Within the application, a set of arrays, each with a set of characters, will reference a set of common dimensional hierarchies, with keys (including local and remote environmental variables, used on all networked devices will encrypt the final result. One of the characters within the character range or array will be pre-pended to the final result for transport or export.
 For decryption, the received data will then:  1. Use the 1st character to determine the array or character range for common multidimensional decryption of the remainder of multidimensional encrypted data.  2. The length value (encrypted with the starting character range or array based common dimension hierarchy) of the "encrypted reverse order dimension mapping key" (FIG. 3) that is pre-pended with a configuration file stored delimiter, will then be extracted and decrypted.  3. The decrypted reverse order dimension mapping key (FIG. 3) with its embedded keys, will then be used to decrypt the remaining data-set in reverse order, using the sending and local IP/MAC addresses (with any other environmental state data) and other preset keys and dimensions, to decode the data or file.  4. The application will then match the IP and/or MAC addresses with the environmental variables before completing the decryption of the data.
 Any of the above options, parts therein, combinations therein or other, can be applied to the encryption method disclosed herein.
 Due to the multidimensional use of variable length keys and Cipher Block Chaining (FIG. 1.), the character substitutions, data encodings and/or the variable way to set dimensions, this method provides strong data encryption for almost any type of data, for one or more networked hosts.
 Use of common dimensional hierarchies by character ranges or arrays, based on characters, inserting via length and a start point dimensional keys incorporating environmental state data, adds additional powerful encryption strength for data transport, state or storage.
 The method and applications disclosed herein are designed for multi-use encryption on almost platform, for almost any purpose. It should be appreciated that the method uses minimal resources, and depending on dimensions and dimensional hierarchy, performs well under heavy use.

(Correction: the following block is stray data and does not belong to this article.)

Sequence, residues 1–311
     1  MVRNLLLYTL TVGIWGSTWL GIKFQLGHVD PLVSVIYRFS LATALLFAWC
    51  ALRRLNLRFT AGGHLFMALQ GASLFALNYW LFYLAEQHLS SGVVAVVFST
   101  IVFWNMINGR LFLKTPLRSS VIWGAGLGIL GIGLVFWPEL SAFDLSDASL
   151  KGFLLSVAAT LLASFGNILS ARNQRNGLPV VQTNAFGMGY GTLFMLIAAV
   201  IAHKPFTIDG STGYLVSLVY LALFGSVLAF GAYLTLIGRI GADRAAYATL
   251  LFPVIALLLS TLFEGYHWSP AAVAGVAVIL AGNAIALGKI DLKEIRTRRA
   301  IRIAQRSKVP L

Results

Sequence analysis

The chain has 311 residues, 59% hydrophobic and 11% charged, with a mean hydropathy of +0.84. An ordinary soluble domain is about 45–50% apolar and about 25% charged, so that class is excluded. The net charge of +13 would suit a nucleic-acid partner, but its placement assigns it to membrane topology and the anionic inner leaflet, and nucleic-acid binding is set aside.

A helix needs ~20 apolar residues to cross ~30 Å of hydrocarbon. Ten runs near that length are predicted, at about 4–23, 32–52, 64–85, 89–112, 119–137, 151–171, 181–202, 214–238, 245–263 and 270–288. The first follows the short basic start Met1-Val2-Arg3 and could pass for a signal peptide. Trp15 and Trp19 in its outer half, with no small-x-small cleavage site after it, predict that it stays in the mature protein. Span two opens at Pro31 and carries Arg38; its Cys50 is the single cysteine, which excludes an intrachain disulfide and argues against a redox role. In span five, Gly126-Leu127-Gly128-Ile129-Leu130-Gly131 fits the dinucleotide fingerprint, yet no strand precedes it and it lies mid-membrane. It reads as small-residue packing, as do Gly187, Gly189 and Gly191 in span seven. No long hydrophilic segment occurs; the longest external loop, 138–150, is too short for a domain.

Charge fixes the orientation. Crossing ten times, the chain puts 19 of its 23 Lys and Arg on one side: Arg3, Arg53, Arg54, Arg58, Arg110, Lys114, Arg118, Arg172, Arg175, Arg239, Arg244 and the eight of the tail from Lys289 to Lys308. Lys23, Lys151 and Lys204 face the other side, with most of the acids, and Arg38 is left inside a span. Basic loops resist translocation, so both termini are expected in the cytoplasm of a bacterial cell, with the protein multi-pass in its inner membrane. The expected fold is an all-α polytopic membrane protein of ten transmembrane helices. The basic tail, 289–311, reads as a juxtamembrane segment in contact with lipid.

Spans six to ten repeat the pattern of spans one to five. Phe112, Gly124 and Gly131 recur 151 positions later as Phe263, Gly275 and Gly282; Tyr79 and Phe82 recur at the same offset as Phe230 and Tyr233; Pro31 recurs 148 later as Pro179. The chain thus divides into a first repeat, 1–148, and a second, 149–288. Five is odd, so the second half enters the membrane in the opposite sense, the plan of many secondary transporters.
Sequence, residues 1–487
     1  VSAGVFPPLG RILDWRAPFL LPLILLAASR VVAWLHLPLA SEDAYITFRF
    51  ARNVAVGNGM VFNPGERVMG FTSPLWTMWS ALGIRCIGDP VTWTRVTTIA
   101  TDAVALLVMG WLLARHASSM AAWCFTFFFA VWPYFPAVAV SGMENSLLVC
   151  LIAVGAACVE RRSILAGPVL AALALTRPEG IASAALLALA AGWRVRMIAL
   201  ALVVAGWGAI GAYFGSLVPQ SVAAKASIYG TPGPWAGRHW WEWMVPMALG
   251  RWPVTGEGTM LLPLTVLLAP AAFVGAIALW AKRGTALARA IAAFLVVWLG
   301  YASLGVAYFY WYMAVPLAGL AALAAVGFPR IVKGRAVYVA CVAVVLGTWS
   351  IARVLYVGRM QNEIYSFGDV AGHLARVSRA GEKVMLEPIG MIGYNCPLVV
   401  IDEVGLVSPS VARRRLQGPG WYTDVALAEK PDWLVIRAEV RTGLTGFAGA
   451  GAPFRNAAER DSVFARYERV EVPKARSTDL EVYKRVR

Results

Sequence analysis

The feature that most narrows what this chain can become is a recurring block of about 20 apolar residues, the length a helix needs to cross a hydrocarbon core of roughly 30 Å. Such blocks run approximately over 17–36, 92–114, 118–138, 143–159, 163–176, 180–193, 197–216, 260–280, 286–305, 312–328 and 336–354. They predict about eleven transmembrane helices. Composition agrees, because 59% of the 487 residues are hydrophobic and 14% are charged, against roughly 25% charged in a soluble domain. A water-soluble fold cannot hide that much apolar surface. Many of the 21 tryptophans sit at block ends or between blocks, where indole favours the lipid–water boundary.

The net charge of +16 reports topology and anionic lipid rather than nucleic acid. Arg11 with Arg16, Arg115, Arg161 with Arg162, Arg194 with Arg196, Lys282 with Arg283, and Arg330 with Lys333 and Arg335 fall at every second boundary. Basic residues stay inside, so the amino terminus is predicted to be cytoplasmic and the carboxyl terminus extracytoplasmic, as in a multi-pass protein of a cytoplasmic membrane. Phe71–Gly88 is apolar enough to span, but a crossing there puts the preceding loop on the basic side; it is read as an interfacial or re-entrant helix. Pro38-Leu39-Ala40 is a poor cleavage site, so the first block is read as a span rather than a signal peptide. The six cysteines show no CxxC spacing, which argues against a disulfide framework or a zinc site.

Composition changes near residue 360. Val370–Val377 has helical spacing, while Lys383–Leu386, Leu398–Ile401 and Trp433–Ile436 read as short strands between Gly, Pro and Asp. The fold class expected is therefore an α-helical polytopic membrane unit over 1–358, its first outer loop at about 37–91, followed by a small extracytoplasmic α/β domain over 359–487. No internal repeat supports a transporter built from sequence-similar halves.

BRIEF DESCRIPTION OF THE DRAWINGS
 FIG. 1 is illustrates an optional Dimension Cipher-block chaining (CBC) encryption. The CBC encryption mode of operation was invented by IBM in 1976. In the cipher-block chaining (CBC) mode, each block of text is XORed with the previous cipher-text block before being encrypted. This way, each cipher-text block is dependent on all text blocks processed up to that point. Also, to make each message unique, an initialization vector must be used in the first block.
 FIG. 2 is a flow diagram illustrating the variable encryption method with 8 dimensions.
 FIG. 3 shows an encrypted reverse order key.
 FIG. 4 is a diagram of a network where the encryption technique can be utilized.
DIMENSION CHARACTER REPLACEMENTS
 With almost any programming language, regular expressions have the power to match and replace characters with multiple encodings. In this case, the method can have a set of two characters, one for matching and one for replacing (a key/value pair). The characters replaced must be case sensitive. For each substitution dimension, the method can have as many characters substituted as feasible, as long as the initial substitution characters do not exist in the previously encoded (encrypted) dimension.
 For example, with Perl's expressions, the following describes substituting letters, symbols (escaped) and numbers, globally throughout the encrypted variable.  $Variable=˜s/AΛ%/g;  $Variable=˜s/fΛ@/g;  $Variable=˜s/4/Q/g;  $Variable=˜sΛ=Λ*/g;
 When decrypting, each character substitution dimension must reverse each order of the substitution key/value pairs, while the method reverses each dimension order, in the exact reverse order.
 There can be multiple substitution key/value pairs for use with "n" number of dimensions. Each set of pairs can be hard-coded within the application, stored as part of an encrypted file, called from a database or other.
Dimension BASE64 Encoding
 Since BASE64, as well as BASE32 and BASE16 encodings can encode binary (and text) data, when applied with a character substitution dimension and the BASE64 encoding for example is not decoded exactly as encoded, the results can be unexpected. The most well known use of BASE64 Encoding is for email. As per RFC 2045, section 6.8: Base64 Content-Transfer-Encoding.